Year of the Nurse - Leading Solent NHS Trust Children's Nurse shares the joys of nursing in the community
Put into effect by the World Health Organisation and NHS England, 2020 marks the Year of the Nurse and Midwife, which celebrates the 200th anniversary of Florence Nightingale’s birth! To celebrate, we are sharing stories from the inspirational nurses working within our Trust. The people at the heart of Solent make a huge difference, helping to keep people at, or close to, home.
Our nurses tell us how their career has enabled them to make a real difference to the community and why they are proud to be providing quality care to their patients.
Today we hear from Lorraine Bishop, a Senior Children’s Community Nurse (CNN), covering Portsmouth and the South East Hampshire area. Solent Children’s Community Nurses help provide care to children and young people with chronic or complex health conditions in their own homes.
Lorraine joined the Trust in 2010. After completing her specialist training, she started work as a CCN, gradually working her way up to a senior position in 2016. She talks about the value of community nursing that is delivered in our diverse communities, keeping people safe and well at home.
“I’ve worked in the community since qualifying in 2010. As a student nurse I loved my placements with the Children’s Community Nursing Team so I knew straight away that this was the career for me.
“I love the unpredictability of working with children as no two visits are ever the same. I could be seeing patients to take bloods, dress a wound, teaching parents or doing injections. The list goes on!
“It’s a huge privilege to be able to provide personalised care to children in their own home and make them feel as comfortable as possible. A great example of this would be when I visited a child that was being treated for an oncology condition. When I arrived at their home they were playing in a Wendy House and did not want to come in for their bloods, so I decided to go to them! I went into the Wendy House and we did the treatment from there, which the child (and mum) thought was brilliant.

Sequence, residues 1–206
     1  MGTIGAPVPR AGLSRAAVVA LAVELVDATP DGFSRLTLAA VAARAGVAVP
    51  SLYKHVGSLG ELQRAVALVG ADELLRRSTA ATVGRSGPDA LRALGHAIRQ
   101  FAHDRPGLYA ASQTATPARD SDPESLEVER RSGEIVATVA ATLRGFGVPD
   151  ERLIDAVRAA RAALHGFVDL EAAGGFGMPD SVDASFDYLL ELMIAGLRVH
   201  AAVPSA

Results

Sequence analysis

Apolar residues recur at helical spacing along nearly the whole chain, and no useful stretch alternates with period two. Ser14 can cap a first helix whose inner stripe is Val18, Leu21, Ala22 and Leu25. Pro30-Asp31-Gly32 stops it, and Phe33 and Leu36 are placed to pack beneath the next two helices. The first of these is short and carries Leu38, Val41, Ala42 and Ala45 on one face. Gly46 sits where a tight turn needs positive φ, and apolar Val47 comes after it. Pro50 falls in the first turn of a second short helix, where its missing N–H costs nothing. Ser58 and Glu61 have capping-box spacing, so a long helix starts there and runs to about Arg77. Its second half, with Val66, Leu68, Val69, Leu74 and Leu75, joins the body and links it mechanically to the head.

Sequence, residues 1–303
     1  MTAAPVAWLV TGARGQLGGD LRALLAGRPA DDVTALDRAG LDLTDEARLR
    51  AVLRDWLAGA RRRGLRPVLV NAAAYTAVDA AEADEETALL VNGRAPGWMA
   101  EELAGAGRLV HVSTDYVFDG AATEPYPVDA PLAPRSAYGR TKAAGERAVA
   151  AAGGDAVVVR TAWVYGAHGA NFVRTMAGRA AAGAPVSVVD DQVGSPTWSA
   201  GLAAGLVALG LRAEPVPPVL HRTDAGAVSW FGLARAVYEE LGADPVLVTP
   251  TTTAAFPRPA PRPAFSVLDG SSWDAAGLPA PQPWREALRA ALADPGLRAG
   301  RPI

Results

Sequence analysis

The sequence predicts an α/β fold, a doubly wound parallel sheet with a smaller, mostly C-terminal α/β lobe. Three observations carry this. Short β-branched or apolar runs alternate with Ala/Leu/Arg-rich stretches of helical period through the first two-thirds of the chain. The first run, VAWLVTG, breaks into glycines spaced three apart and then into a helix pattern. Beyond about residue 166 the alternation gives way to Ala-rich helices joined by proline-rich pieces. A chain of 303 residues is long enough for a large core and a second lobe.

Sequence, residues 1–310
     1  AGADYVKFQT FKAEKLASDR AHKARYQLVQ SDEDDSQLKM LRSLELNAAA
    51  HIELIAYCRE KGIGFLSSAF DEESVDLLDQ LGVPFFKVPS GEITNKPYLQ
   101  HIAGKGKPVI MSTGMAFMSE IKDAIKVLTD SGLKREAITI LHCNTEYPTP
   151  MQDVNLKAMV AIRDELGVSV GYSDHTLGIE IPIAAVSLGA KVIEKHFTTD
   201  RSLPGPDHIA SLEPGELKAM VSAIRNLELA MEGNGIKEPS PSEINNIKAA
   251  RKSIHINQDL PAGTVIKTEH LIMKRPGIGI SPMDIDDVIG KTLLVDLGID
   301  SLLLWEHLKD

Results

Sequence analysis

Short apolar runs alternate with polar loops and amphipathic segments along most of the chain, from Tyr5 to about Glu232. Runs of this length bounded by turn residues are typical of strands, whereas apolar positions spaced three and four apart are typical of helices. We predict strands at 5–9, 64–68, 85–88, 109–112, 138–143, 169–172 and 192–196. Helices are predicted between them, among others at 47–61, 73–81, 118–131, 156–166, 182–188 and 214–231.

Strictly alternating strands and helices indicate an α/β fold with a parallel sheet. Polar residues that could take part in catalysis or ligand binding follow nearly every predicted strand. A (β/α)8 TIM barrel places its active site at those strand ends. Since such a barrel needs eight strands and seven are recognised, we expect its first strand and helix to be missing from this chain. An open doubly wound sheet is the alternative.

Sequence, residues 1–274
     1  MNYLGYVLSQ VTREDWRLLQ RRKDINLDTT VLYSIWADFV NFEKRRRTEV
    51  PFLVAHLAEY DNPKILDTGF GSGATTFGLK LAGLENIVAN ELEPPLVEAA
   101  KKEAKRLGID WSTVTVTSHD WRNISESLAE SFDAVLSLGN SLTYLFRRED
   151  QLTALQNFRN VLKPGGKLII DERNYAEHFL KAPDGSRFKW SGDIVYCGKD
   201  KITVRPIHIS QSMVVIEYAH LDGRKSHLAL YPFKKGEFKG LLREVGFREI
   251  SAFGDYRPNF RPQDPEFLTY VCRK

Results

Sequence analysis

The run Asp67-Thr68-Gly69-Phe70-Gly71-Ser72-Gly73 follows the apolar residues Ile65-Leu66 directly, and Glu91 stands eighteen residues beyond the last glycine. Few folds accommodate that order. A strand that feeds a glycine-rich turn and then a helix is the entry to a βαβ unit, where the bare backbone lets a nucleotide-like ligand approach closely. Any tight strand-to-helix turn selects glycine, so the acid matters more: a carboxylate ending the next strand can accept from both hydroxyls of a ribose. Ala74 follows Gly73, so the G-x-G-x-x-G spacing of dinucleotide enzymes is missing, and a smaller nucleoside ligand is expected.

“Working in the community has given me a host of memorable experiences like this; however there is one particular moment which gave me a real sense of pride.
“A few years ago, I was involved in a safeguarding case where the patient had a long term degenerative disease and was being neglected by his parent/carer. I had the patient admitted to hospital on a Friday afternoon after many attempts to gain his consent to do so. The following day he had a respiratory arrest and had to be resuscitated. The consultant involved in his care advised me, that if he had not been in hospital he was sure this child wouldn’t have pulled through.
“I am incredibly proud of the care I provided for this patient and as a result, I received a reward from Solent NHS Trust for my hard work. There was a Learning Review into this case by the local Safeguarding Children’s Board and the report stated my tenacity and professionalism saved his life.
“It’s moments like these where I know that my work makes a real difference and to be recognised by the Trust for my efforts made it even more special.
"If you are newly qualified and are thinking of starting your career in community care, my advice would be to just go for it. Community nursing is a very independent role with lots of clinical decisions to be made on your own. As a newly qualified nurse this can be quite daunting to start with, but it’s so rewarding!”